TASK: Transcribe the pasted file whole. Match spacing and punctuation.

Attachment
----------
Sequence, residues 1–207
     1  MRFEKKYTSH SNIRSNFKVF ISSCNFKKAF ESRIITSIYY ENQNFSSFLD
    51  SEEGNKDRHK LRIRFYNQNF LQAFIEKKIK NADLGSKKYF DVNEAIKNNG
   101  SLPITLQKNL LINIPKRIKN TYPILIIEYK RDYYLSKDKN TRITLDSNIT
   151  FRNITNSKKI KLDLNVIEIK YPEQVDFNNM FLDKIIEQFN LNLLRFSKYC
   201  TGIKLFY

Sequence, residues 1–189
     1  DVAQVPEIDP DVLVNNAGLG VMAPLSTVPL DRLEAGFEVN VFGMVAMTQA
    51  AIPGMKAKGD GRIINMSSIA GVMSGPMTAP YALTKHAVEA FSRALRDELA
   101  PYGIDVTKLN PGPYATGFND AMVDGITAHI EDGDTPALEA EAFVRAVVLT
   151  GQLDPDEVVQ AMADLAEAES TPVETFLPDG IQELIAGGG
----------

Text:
Sequence, residues 1–207
     1  MRFEKKYTSH SNIRSNFKVF ISSCNFKKAF ESRIITSIYY ENQNFSSFLD
    51  SEEGNKDRHK LRIRFYNQNF LQAFIEKKIK NADLGSKKYF DVNEAIKNNG
   101  SLPITLQKNL LINIPKRIKN TYPILIIEYK RDYYLSKDKN TRITLDSNIT
   151  FRNITNSKKI KLDLNVIEIK YPEQVDFNNM FLDKIIEQFN LNLLRFSKYC
   201  TGIKLFY

Sequence, residues 1–189
     1  DVAQVPEIDP DVLVNNAGLG VMAPLSTVPL DRLEAGFEVN VFGMVAMTQA
    51  AIPGMKAKGD GRIINMSSIA GVMSGPMTAP YALTKHAVEA FSRALRDELA
   101  PYGIDVTKLN PGPYATGFND AMVDGITAHI EDGDTPALEA EAFVRAVVLT
   151  GQLDPDEVVQ AMADLAEAES TPVETFLPDG IQELIAGGG